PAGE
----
Pfifer transferred to Hillsdale College after her sophomore year at Wyoming Catholic because she felt the desire to test her faith and principles in an environment where not everyone thought exactly like her. However, Pfifer said she retained the sense of creativity and presence that the no-tech policy fostered.
“It did feel weird coming to Hillsdale,” Pfifer said. “There was that feeling of lack of creativity and lack of energy to do more. I felt freedom from this, but then not really an ability to connect right away with all the people around me because I felt like I was coming from such a different walk of life.”
Recent Wyoming Catholic graduate and current admissions officer for the college, Elizabeth Meluch emphasized that the professors and faculty at the college are by no means puritanical luddites.
“We like to think we are not doing it out of fear but rather love of something else,” Meluch said.
The school uses technology where it sees fit, and replaces it where it is unnecessary. For example, Wyoming Catholic uses Google drive for document sharing, Google photos to share memories, and, of course, has plenty of telephones for each student to call home.
“Certainly, the joke is on tech, because we can get what it is offering without getting so hooked on it,” Meluch said. “We want you to be able to call your mom here.”
The administration is not stoic about the policy to its students, either. Glenn Arbery is currently teaching a class on the origins of modernity and its connection with technology that includes sophisticated arguments about the advantages of technology.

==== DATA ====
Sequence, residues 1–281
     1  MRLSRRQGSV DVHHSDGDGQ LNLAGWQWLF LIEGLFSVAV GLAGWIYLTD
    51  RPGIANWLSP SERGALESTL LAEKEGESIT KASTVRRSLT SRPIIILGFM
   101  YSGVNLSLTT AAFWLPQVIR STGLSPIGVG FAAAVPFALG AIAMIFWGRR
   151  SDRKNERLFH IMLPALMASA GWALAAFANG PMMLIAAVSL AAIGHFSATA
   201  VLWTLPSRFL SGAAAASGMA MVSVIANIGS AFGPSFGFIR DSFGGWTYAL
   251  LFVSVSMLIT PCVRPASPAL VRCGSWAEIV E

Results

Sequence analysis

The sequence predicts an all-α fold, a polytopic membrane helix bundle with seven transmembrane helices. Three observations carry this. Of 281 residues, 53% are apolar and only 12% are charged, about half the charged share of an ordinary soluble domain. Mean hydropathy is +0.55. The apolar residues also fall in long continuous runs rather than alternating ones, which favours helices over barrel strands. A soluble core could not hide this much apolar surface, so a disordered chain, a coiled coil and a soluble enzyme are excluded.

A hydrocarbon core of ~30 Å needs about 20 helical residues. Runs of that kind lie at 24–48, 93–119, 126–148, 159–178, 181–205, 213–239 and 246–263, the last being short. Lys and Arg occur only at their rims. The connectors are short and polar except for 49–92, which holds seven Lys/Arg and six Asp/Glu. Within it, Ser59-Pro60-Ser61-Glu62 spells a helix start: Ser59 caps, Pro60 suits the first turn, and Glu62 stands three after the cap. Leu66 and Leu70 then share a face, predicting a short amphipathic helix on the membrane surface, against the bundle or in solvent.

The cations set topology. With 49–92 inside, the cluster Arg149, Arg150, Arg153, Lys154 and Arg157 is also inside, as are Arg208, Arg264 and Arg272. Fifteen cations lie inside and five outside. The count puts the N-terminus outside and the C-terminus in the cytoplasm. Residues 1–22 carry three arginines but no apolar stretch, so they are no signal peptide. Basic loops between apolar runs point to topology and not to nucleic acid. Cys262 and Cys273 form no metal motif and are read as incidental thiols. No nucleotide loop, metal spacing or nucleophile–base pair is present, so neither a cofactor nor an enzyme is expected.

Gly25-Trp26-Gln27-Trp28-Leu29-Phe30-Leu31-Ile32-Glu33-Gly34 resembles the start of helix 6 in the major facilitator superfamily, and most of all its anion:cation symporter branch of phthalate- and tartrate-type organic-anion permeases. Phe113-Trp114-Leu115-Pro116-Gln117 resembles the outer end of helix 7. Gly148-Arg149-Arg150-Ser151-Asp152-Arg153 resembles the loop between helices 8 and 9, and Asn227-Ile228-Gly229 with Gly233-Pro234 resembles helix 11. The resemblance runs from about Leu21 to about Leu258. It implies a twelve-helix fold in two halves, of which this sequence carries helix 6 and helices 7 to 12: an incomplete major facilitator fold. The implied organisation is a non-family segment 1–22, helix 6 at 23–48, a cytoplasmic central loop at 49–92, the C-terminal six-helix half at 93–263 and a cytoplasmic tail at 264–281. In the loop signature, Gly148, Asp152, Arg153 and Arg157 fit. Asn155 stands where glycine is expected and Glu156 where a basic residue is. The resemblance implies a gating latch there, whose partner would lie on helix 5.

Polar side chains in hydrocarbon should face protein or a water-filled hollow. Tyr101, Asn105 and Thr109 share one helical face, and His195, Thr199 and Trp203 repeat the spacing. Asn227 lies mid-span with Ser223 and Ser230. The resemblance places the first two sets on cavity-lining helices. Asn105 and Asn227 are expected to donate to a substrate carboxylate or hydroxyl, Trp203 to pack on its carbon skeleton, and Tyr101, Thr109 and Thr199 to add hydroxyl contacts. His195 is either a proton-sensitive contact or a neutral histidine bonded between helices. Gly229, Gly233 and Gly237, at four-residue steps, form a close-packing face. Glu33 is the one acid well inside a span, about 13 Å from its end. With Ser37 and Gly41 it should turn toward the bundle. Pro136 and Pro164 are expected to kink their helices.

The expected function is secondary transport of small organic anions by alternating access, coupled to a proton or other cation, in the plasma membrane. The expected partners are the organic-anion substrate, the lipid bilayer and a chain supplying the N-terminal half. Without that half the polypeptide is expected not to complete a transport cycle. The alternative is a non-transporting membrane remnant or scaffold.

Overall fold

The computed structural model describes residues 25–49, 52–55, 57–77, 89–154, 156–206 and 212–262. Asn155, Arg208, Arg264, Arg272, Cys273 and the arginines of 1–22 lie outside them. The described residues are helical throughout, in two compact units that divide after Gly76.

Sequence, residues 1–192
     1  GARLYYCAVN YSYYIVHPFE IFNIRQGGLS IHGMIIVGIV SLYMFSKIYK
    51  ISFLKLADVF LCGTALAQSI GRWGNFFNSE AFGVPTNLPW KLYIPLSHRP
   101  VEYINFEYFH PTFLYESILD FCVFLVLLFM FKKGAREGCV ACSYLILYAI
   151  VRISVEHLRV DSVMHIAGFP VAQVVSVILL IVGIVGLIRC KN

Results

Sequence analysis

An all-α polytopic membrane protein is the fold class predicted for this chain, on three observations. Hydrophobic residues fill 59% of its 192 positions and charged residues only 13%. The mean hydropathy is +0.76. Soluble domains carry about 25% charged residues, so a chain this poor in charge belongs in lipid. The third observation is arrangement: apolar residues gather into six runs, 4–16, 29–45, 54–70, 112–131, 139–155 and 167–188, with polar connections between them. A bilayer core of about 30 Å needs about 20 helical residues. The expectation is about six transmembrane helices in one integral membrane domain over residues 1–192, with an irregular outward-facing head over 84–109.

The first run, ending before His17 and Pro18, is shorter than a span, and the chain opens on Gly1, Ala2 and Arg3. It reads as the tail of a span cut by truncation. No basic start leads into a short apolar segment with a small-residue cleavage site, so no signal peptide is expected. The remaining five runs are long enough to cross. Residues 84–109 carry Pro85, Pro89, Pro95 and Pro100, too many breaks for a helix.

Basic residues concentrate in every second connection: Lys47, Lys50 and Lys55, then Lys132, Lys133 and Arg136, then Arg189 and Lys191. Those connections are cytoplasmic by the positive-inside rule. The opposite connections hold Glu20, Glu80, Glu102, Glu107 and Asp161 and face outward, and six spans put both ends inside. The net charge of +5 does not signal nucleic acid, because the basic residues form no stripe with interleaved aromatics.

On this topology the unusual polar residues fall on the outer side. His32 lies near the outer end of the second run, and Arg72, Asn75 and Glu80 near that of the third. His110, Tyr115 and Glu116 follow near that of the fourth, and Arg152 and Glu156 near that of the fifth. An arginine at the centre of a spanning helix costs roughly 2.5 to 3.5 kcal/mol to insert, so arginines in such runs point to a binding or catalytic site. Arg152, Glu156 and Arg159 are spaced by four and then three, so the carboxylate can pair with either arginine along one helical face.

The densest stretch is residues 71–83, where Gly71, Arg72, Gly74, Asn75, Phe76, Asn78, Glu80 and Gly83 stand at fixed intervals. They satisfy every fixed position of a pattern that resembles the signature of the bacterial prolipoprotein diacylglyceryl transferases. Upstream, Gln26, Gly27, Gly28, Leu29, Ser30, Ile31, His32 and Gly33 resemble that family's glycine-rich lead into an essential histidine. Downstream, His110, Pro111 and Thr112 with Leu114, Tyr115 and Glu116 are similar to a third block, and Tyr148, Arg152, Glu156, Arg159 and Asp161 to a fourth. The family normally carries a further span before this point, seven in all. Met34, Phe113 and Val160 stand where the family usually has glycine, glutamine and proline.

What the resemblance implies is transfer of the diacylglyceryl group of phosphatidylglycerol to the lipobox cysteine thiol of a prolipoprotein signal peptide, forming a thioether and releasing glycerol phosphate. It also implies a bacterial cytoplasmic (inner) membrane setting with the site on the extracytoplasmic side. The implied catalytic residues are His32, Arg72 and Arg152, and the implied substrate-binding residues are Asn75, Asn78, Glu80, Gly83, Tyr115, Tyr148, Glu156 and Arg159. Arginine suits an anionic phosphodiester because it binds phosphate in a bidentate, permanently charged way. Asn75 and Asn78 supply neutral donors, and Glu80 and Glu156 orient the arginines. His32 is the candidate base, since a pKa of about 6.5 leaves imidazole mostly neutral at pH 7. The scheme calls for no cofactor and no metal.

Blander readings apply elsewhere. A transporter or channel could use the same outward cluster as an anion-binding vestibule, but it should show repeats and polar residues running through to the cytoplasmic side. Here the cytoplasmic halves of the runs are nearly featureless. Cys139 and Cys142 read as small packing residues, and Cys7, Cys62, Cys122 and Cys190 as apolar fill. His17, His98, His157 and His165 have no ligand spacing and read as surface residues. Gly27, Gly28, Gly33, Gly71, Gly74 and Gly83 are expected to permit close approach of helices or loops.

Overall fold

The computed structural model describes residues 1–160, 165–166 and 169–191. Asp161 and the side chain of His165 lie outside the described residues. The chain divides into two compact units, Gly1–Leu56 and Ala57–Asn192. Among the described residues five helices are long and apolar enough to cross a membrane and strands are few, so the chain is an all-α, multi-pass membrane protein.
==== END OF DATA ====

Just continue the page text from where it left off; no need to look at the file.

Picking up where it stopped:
On the flip side, assigned reading for all students at the college includes things like Cal Newport’s “Deep Work,” and Nicholas Carr’s book “The Shallows: What the Internet Is Doing to Our Brains.” The latter is an expansive text in which Carr explores how the internet has changed the human mind and human experience. Carr’s exploration stems from his own personal feeling that 10 years of technology have made it harder to think and read deeply. He explains it evocatively:
“Once I was a scuba diver in the sea of words. Now I zip along the surface like a guy on a Jet Ski.”
In order to educate a generation of scuba divers rather than Jet Skiers, Wyoming Catholic focuses student’s learning, reading, and information gathering on real things. Their mode of learning is reading great books and having direct encounters with the natural world. A big component of their education is learning outdoor survival skills, like old-fashioned paper map-reading, stargazing, and horsemanship.
Arbery emphasized that students come to know things through their senses and imaginations. They are actually presented with the natural world, and thus are able to understand what they are reading in terms of that experience in the natural world.
“Everything they’re learning is not already mediated to them through technology,” Arbery said. “We want to get them out of the virtual, man-made world as much as possible and to give them the direct experience of what we call God’s first book, the ‘Book of Nature.’”
Maluch already did not have much of a “soft-spot” for technology when she first arrived at Wyoming Catholic College in 2014. But she said it is amazing to watch as technology immediately loses its asphyxiating stranglehold on students — even those who enter the college truly addicted.
“You see students glued to their phones during the whole six hour bus ride up to the mountains,” Meluch said. “When the two weeks are over and we pull them out again, they laugh at them, they pull them out and think, “I don’t need this.”
Undoubtedly, disconnecting from the fast-paced Jet Ski’s of the digital world to descend into the silent murk of the earthly depths is not easy.
“To feel that disconnected-ness can feel sort of frightful,” Pfifer said. “But you have to push past it. It takes a grit to say no to it and realize there will be a greater good that comes out of it.”